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Note to Fareed Zakaria: Tax Rates Affect Behavior

Economics / Economic Theory Feb 19, 2010 - 06:30 AM GMT

By: Michael_Pento

Economics Fareed Zakaria is not a fiscal conservative by any means. His left leaning bias towards relying on tax increases to fix our deficits, instead of spending cuts, makes that abundantly clear. On his “What in the World” segment on Sunday’s GPS program, Mr. Zakaria excoriated former Treasury Secretary Hank Paulson and former Chairman of the Federal Reserve Alan Greenspan for not asserting that they want taxes to increase in order to balance the budget--Zakaria’s comment was prompted from an interview those gentlemen conducted the prior week with David Gregory from Meet the Press.

It is true that I’ve spilled much ink over the mistakes Paulson and Greenspan have made in the past. The monetary policy stance of

Alan Greenspan in the latter part of his tenure was irresponsible, to put in kindly and Henry Paulson’s belief that we should take on more debt to bail out our over leveraged condition—even for a short period of time--was absurd. But to the credit of both these men, they steadfastly believe that the nation’s most salient issue in the longer term will be the discrepancy between expenditures and receipts.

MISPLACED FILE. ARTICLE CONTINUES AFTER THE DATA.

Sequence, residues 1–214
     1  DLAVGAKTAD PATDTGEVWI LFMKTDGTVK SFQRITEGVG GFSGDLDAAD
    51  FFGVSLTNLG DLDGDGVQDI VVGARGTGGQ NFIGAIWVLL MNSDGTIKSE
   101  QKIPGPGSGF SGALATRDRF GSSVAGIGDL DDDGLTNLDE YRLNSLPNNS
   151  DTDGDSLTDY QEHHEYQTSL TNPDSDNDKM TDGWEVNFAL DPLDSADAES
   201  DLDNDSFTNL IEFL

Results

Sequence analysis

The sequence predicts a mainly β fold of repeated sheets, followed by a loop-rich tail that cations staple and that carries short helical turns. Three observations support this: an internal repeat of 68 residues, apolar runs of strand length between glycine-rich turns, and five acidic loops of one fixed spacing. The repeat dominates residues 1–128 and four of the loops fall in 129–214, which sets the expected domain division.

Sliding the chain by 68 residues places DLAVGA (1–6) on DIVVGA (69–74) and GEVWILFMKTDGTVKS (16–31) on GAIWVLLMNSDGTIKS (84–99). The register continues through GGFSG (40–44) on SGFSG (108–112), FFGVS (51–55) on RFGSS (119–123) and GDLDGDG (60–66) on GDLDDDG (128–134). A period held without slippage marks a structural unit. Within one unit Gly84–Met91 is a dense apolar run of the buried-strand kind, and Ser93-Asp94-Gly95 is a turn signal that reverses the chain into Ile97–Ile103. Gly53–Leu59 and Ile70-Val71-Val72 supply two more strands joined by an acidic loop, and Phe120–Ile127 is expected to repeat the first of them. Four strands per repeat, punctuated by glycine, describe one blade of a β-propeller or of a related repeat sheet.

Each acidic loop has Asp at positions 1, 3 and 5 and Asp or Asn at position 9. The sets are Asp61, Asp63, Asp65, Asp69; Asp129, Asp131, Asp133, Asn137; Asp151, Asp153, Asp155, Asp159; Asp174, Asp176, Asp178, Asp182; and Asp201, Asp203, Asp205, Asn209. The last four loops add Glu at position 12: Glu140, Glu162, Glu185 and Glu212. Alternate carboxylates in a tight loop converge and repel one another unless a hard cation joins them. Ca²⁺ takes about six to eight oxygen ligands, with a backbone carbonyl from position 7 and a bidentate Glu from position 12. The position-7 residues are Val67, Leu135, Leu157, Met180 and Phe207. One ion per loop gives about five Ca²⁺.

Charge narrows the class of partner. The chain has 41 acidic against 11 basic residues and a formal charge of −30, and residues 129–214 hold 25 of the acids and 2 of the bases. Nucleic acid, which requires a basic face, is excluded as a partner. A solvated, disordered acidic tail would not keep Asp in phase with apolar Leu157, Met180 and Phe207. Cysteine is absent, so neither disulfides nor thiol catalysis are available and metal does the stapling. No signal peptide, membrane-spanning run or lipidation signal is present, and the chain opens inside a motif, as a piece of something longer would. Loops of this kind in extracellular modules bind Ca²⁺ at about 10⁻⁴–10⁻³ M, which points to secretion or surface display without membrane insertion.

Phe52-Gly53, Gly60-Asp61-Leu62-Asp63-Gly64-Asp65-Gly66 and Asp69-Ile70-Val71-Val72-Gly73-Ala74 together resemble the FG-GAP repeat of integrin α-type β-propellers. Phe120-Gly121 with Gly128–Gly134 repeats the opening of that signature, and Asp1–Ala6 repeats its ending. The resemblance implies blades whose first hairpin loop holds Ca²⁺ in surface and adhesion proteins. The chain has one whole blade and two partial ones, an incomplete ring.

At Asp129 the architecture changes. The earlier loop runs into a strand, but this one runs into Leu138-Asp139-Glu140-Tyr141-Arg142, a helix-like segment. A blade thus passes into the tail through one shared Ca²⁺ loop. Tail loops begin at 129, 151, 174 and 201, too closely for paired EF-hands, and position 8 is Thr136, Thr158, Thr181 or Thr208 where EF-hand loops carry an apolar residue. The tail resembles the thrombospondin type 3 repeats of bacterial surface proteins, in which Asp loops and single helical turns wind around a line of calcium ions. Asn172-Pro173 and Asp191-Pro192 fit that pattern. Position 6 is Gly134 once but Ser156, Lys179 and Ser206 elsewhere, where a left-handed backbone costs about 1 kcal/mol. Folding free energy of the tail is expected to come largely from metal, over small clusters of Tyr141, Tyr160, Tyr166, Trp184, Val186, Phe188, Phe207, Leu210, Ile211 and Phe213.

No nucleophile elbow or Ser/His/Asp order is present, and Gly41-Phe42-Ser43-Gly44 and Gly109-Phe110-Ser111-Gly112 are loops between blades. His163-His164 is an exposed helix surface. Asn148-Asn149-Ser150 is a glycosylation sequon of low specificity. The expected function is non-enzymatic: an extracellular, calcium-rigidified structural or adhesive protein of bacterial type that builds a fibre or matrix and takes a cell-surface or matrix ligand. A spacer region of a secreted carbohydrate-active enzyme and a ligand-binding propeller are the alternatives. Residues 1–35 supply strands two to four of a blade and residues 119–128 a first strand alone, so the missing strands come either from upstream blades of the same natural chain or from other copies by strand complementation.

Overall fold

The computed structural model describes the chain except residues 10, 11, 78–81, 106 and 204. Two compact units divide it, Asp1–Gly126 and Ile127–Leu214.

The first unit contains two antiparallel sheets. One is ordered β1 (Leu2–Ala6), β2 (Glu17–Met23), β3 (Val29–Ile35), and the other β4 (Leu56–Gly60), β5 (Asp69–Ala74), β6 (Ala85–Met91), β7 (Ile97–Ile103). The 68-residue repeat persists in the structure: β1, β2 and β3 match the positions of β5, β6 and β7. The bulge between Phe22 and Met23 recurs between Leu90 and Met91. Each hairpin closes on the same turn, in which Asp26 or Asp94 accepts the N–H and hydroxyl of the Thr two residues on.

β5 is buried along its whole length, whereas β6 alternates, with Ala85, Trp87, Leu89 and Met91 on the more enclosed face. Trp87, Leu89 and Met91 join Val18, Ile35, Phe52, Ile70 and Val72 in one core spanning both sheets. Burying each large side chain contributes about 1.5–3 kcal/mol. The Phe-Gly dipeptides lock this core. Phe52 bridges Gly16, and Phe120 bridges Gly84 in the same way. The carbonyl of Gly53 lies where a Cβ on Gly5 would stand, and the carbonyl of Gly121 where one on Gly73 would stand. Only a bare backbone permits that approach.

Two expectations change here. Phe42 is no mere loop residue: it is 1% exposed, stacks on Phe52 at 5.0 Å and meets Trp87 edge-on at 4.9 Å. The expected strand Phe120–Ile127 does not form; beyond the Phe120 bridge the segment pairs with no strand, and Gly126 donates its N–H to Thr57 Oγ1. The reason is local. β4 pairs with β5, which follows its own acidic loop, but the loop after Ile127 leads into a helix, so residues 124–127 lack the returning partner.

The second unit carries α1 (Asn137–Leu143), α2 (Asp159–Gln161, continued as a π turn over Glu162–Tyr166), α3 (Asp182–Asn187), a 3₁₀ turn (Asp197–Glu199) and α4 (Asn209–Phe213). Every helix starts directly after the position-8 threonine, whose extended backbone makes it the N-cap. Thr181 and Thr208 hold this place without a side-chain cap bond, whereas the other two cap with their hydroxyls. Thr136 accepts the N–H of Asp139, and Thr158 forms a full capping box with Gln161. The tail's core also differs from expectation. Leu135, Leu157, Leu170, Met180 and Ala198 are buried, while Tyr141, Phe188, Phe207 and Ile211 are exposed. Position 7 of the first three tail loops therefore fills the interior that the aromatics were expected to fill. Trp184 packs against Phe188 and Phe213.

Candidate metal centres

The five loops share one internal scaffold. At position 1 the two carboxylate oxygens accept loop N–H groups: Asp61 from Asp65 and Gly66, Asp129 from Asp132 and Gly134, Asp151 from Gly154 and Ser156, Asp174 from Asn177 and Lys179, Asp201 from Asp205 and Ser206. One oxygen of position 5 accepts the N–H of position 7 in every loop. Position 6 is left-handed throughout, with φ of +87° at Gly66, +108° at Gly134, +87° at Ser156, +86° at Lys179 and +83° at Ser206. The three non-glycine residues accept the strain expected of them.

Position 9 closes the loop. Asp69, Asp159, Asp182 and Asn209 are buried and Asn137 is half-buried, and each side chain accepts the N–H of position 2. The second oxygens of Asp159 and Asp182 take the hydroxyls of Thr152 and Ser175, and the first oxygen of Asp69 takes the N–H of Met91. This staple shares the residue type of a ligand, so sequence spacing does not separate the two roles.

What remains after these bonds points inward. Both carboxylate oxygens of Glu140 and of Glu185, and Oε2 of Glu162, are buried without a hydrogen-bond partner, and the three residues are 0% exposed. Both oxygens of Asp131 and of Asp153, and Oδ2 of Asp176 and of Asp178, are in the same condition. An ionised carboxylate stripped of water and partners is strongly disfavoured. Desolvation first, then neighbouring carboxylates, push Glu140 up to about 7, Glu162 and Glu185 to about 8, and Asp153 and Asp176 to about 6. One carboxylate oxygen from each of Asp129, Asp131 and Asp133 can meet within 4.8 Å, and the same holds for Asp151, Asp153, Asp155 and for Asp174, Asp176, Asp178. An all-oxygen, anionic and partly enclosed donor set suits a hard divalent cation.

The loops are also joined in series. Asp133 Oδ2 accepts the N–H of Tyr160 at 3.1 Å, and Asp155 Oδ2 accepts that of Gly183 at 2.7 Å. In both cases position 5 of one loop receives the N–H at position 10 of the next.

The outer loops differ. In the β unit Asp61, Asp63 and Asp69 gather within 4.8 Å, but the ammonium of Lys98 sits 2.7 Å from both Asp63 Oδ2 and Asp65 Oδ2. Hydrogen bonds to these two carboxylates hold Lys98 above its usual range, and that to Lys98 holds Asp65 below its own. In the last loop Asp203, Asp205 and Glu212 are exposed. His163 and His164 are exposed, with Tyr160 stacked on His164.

Even Fareed assents to the notion that our long term structural debt and deficits are the most pressing concern that faces America.

But he also said, “The Bush tax cuts are the single largest part of the black hole that is the Federal budget deficit.” How is it that he can know that for sure? After all, tax cuts create jobs by incentivizing innovation. They empower individuals and businesses by allowing them to decide what they want to produce and what they want to consume, rather than some person in Washington. As a result, the economy and markets function in a more balanced and efficient manner. The outcome is you end up generating higher growth rates in GDP and actually increase revenue for the Treasury. The biggest part of the “black hole” in deficits was not the Bush tax cuts but it was instead his increased spending on two wars and a new entitlement program that created the huge red ink. There would be no deficit if the government learned to spend only what it takes in as revenue. That means—brace yourself Keynesians—a drop in revenue from an economic slowdown should be met with a commensurate cut in government spending.